He was slammed back into the brick wall again, feeling like a lightning bolt had pinned him there, and could only stare in shock as the kid stared back at him. Fear and anger mixed with dawning horror and then the kid was pushing to his feet and trying to scramble out the other side of the alley.
He made it two steps before he was tackled. He fought, writhing and bucking, but the guy who’d taken him down was at least twice his size and knew how to use those biceps of his. A solid punch to the kid’s face and he went limp in the man’s grasp.
Tony’s rescuer looked over, scanning him up and down. Blue eyes widened in alarm and then the man was saying, “Dammit!” and crawling quickly over to Tony’s side. He reached a hand up and swiped blonde hair out of his eyes, then reached for Tony’s shirt.
“No!” Tony choked out. “No! Don't— Don’t touch!” He coughed and nearly blacked out from the pain of jostling his chest. The bullet had gone in on his side, below his ribs, but those muscles were kind of holding him up right now so every movement hurt. “Don't…” he repeated, but couldn’t breathe enough to finish the order.
“Hey, it’s okay,” he said, bracing Tony’s shoulder with a hand. “You’re going to be okay.” The man looked both ways as if expecting to see police or an ambulance just waiting to be called over. “I have to go get— Oh! Wait!” He dug into the pocket of his leather bomber jacket and pulled out a cell phone. An ancient candybar—good god, was that a Nokia?—phone and tried dialing. He didn’t seem to know what he was doing and frustration bloomed on his face, twisting otherwise handsome features. “You know,” he said, and Tony hoped it was rhetorically, because speaking was such a bad idea right now, “they keep telling me the future’s supposed to be full of things that make it easier, but so far I’m less than impressed.”
Tony blinked and frowned at the blue plaid shirt visible in the vee of the man’s slightly opened jacket and tried to figure out if he was having some kind of brain malfunction from blood loss already. “What?” he said.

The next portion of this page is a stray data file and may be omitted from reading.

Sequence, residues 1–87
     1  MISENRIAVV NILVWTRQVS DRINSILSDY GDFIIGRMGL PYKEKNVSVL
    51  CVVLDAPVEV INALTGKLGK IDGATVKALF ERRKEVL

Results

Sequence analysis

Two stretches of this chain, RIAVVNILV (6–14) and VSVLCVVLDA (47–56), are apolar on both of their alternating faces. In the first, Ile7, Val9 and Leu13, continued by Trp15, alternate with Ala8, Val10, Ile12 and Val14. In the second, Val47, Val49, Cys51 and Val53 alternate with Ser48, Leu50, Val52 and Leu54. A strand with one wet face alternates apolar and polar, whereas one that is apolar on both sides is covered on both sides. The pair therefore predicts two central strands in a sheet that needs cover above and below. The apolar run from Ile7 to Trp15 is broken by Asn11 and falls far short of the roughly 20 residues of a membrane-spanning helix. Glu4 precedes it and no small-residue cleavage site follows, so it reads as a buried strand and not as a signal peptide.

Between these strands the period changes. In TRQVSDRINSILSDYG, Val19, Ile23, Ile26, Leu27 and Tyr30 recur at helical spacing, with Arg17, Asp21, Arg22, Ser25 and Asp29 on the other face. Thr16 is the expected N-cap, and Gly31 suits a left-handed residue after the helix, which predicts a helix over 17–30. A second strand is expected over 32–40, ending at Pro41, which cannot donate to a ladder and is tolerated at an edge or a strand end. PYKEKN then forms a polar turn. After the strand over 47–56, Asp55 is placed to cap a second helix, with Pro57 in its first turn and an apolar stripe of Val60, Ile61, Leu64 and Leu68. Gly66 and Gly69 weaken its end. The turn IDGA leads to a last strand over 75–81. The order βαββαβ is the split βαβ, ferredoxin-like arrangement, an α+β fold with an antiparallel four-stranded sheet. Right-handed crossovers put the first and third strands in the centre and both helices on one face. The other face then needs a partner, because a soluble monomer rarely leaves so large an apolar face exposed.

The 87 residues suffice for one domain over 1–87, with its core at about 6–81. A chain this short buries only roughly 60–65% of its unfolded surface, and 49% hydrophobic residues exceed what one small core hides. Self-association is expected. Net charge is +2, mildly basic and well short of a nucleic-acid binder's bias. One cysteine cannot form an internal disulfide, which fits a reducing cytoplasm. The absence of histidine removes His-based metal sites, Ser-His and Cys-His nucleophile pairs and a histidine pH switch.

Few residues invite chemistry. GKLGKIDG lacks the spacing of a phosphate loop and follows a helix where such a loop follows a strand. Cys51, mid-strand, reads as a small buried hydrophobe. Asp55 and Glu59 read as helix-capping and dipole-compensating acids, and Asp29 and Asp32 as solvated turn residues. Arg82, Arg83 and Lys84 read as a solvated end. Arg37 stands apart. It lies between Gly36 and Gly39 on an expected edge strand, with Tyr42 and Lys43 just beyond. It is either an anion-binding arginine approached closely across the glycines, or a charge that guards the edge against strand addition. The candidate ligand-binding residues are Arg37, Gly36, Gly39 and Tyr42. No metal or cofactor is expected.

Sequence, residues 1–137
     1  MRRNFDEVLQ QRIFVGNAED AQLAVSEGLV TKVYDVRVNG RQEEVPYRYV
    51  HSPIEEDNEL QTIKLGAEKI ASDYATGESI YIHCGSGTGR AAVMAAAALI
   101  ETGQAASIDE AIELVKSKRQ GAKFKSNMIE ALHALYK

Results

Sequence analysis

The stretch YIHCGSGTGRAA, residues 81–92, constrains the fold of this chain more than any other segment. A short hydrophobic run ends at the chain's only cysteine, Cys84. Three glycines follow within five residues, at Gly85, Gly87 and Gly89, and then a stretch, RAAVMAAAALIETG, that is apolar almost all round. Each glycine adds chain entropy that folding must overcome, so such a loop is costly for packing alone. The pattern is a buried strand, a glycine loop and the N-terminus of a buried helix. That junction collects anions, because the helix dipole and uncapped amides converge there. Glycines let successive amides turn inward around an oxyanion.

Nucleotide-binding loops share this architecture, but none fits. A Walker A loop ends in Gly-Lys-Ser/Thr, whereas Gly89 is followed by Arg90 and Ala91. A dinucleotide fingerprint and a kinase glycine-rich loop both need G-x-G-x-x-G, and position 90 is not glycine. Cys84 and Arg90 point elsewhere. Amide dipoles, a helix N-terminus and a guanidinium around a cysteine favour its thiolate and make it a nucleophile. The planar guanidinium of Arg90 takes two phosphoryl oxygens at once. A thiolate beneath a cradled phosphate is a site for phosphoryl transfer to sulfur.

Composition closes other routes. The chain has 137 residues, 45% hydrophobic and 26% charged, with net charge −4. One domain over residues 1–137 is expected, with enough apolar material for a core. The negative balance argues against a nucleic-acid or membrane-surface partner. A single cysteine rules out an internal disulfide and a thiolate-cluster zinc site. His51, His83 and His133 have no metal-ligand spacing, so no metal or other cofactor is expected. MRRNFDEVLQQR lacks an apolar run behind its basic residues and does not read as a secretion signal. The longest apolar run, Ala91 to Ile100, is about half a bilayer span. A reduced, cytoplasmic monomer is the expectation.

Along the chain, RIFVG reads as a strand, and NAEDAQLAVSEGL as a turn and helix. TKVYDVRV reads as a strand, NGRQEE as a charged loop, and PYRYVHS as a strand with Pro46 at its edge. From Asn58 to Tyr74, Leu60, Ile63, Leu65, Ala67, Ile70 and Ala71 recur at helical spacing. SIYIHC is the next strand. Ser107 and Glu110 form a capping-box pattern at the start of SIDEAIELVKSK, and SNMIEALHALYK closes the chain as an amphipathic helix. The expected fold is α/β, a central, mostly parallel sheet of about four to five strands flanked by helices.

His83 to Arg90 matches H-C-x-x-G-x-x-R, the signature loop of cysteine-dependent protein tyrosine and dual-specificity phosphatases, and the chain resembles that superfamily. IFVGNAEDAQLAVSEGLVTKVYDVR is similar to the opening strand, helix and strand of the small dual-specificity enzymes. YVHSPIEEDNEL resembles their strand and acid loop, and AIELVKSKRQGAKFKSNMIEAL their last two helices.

The man sighed. “Oh and now I’m locked out again.” He stuffed the phone back in his pocket and looked around. The mugger was still out cold in the middle of the alley and no one else had come to investigate the gunshot. “Okay,” he said, looking back to Tony. “This is going to hurt and to be honest, you’ll probably pass out. I’m sorry about that, but that’s actually a good thing since it’s not going to stop hurting for awhile. But if I can get you to a hospital, you’ll wake up again and it shouldn’t hurt as much then.”
The guy got one arm under Tony’s legs and was carefully working his hand behind Tony’s back, trying to be gentle and absolutely failing since it felt like there was a small nuclear reactor lodged in Tony’s gut pumping out heat like it was set to meltdown.
“Wait! Wait! Wait!” Tony said.
“We really can’t,” the man said. “I don’t have anything clean to put on that wound and staying here in the garbage is only going to make it worse. You do not want an infection in a bullet wound, let me tell you. Upsy-daisy,” he said and stood, cradling Tony to his chest like he wasn’t a grown-ass man with a little bit of extra weight in the form of a metal insert over his heart.
Tony meant to tell the man about the StarkPhone in his pocket and how this really wasn’t necessary, but he couldn’t get out much more than pained hissing and pathetic sounding whimpers. He clutched weakly at the man’s jacket and shivered in the cold instead, the relentless rain pouring even harder than it had been before.
Fortunately the walk wasn’t a long one because when they got to the end of the alley Tony saw taillights and a familiar stocky figure in a trenchcoat and oh thank God, Happy was here.
Tony tried to tell his rescuer this, but didn’t get a chance to work up the breath before Happy turned, pacing in a tight circle as he made a phone call. To Tony, it turned out as his phone began ringing in his pocket at that exact moment.
“Boss!” Happy yelped and jogged over. Tony’s rescuer stepped back, a hard expression on his face.
“Who are you?” he asked.
“Oh my god did he get shot?” Happy asked. Then, squaring his shoulders and scowling, “Who the hell are you?”
They were all set to fight over Tony—which would have been interesting to see given the fact that he was literally in the middle of things, except, you know, he was bleeding out here—so Tony inhaled as deeply as he could and said, “Stop!”
It wasn’t impressive in volume or force, but that might have actually helped in this instance. Both of them backed down and turned their attention back to Tony.
“Shit, Boss, we got to get you to a hospital,” Happy said, moving to open the back door of the car.
“Do you know him?” the man asked and Tony would have laughed if it wouldn’t have made him pass out again. Who the hell was this guy?
“Yeah,” Tony said. “Happy's…” He patted the man’s chest. “Happy’s okay.”
The man nodded and stepped forward, setting Tony down gently on the seat before crouching down. “I don’t suppose you have a clean cloth of some kind?”
“Yeah, I got— One second.”
Happy vanished and the man put a warm hand on Tony’s leg to steady him. “How’re you doing?” he asked.